Earlier this month, LA’s Museum of Contemporary Art (MOCA) announced their nontraditional pick for new museum director: Jeffrey Deitch, a (soon-to-be) former commercial gallery owner and experienced art dealer from New York City. What’s the big deal, you ask? This is the first time that an art dealer will run a major American museum, blurring the lines between commerce and culture and business and nonprofit practices. As New York Magazine put it quite simply, the appointment is a “game-changer” for the art world.
But this is a “game-changer” in the same way that paying Gates Foundation director, Jeff Raikes, a salary of $900,000 a year is a game changer: high executive compensation– like museums hiring business managers instead of academics to lead them– represents a necessary evolution of the nonprofit sector to certain stereotypically for-profit practices.
Even more importantly, the appointment represents art museums joining the rest of the museum world, as many non-art museums already have business leaders running them.
Art museums are traditionally run by folks with significant academic backgrounds in art, and art museums are institutions in which substantive experts particularly shine. According to David Suarez, a professor of nonprofit management at the University of Southern California, in a relevant Nonprofit Quarterly publication, “Substantive experts are individuals who have a great deal of experience or training in specific disciplinary areas… Substantive experts are likely to pursue academic credentials… and management is secondary to their dedication to a field of expertise.” The nonprofit world is full of substantive experts, but art museums provide environments that value academic expertise. It makes sense. — but is it really that unsettling for the art world to have Deitch (a successful businessman with an MBA) in a management position in a nonprofit organization? It shouldn’t be.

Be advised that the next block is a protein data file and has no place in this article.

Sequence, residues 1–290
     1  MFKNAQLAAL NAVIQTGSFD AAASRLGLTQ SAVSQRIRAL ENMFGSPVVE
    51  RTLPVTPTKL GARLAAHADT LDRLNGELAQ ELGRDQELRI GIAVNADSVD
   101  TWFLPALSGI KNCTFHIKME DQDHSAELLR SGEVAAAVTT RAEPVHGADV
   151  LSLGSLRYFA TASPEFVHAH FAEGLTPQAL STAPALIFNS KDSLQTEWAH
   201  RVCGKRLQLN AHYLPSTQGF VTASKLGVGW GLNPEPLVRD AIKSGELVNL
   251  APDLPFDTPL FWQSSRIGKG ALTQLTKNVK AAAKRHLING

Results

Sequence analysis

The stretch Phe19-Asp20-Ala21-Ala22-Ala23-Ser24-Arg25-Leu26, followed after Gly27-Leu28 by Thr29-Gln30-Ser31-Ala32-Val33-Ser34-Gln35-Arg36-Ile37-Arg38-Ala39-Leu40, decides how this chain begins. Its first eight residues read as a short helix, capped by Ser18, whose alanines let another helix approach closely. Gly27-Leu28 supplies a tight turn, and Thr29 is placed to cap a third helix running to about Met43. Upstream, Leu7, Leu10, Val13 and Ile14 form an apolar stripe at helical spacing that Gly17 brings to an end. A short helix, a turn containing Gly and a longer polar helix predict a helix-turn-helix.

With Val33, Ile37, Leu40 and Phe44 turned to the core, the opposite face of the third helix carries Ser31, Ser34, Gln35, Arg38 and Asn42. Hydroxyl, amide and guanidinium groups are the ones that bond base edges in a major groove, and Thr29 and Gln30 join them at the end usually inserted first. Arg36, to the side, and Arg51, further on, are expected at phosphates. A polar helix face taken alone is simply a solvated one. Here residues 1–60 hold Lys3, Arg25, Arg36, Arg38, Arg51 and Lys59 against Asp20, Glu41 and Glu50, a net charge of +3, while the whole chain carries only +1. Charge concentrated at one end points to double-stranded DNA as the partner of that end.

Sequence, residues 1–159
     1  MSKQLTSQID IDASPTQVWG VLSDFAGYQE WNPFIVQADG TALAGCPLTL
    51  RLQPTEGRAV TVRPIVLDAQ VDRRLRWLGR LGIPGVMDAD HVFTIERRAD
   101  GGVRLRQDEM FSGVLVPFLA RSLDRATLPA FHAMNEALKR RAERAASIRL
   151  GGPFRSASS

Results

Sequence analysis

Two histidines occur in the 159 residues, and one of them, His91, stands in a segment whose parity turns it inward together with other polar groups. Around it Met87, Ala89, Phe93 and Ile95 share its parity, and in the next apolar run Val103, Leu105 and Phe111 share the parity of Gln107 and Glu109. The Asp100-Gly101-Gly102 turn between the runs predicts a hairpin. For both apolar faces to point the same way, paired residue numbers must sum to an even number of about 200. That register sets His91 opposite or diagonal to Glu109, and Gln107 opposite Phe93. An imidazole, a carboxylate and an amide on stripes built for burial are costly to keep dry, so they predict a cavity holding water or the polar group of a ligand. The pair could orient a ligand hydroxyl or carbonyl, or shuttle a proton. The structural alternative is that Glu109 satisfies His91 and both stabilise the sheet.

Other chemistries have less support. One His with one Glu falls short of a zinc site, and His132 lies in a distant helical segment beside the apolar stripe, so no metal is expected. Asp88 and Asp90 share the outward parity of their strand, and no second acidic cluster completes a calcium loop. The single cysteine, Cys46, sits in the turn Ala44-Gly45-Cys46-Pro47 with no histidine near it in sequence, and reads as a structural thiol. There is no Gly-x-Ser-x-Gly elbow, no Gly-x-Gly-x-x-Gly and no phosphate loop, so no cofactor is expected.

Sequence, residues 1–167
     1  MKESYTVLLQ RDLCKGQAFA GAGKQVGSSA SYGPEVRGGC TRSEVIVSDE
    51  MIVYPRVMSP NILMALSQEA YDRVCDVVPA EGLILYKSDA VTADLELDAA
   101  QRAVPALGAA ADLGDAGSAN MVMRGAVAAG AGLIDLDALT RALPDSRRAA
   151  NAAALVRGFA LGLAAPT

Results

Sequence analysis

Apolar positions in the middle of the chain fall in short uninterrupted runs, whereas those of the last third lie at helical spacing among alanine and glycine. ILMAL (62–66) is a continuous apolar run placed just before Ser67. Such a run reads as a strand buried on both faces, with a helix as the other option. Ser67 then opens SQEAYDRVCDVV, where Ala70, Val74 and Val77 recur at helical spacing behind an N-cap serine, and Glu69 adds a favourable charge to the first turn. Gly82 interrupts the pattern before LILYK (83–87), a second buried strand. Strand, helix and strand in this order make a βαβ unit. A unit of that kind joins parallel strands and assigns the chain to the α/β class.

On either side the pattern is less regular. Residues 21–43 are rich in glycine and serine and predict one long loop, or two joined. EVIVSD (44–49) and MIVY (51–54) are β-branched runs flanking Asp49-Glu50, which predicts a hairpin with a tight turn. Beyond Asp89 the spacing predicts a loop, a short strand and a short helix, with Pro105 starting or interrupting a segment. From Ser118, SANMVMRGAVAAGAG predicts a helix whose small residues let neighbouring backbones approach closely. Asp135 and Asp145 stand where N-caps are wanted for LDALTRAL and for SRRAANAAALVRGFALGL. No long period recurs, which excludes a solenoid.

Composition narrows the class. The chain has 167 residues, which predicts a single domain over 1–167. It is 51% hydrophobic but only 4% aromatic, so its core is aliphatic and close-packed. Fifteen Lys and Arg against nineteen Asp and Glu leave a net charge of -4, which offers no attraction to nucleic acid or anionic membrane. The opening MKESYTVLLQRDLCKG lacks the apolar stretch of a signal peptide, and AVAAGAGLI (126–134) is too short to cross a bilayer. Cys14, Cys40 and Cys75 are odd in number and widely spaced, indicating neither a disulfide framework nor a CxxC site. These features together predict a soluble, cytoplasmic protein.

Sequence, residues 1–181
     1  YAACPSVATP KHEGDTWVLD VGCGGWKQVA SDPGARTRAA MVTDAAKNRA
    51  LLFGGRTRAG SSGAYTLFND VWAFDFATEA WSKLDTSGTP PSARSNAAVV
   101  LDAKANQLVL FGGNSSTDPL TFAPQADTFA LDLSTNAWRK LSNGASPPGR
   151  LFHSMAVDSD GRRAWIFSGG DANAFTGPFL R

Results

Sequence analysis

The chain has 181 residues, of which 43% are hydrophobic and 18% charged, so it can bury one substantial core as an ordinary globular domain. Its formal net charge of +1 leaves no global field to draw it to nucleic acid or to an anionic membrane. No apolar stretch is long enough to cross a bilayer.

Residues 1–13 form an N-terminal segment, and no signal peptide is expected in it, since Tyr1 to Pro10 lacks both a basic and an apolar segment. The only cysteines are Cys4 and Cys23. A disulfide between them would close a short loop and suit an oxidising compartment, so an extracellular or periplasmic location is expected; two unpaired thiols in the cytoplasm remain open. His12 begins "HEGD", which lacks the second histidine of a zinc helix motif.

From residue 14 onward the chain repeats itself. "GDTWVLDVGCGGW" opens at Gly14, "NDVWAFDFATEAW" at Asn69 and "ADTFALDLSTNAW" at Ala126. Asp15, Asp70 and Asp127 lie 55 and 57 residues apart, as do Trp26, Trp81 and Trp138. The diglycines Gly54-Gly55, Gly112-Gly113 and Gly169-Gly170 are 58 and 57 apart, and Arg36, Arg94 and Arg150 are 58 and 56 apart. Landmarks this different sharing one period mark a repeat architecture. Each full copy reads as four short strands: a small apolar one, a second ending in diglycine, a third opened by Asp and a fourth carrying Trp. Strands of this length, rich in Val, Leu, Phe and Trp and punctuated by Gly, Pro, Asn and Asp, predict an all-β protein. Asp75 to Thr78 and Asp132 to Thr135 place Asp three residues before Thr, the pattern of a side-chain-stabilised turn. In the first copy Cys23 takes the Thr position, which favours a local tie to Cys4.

MOCA almost went bankrupt in 2008. People are calling Deitch a risky choice. Nobody is talking about how appointing an academic who is fluent in the 1999 emergence of Stuckism with no formal management experience would have been much riskier.
Though amount of praise for the substantive expert may be a defining characteristic that sets art institutions apart from other museums, several of the top (non-art) museums in the country are run by leaders who toot educational backgrounds in management over academic disciplines. The Field Museum, California Science Center, and St. Louis Science Center are three of 2009s top 25 most-visited museums with management-trained leaders. In short, art museums are catching up with the rest of the museum world by hiring a trained manager during a time when they need a trained manager.
Though Jeffrey Deitch has a significant background in art, his appointment may open the door for other art museums to break tradition and take on management-savvy leaders from other sectors. The MOCA appointment serves as a symbolic step for art museums; it’s a step off of an academic pedestal, and into the evolving museum world. Eli Broad, who was the chairman of the board at the time of the museum’s founding, helped pick Deitch as the new director. According to the New York Times, he said, “It’s time to redo the old museum model. The world has changed.” This quote needs clarification: It’s time to change the old art museum model. The world has changed.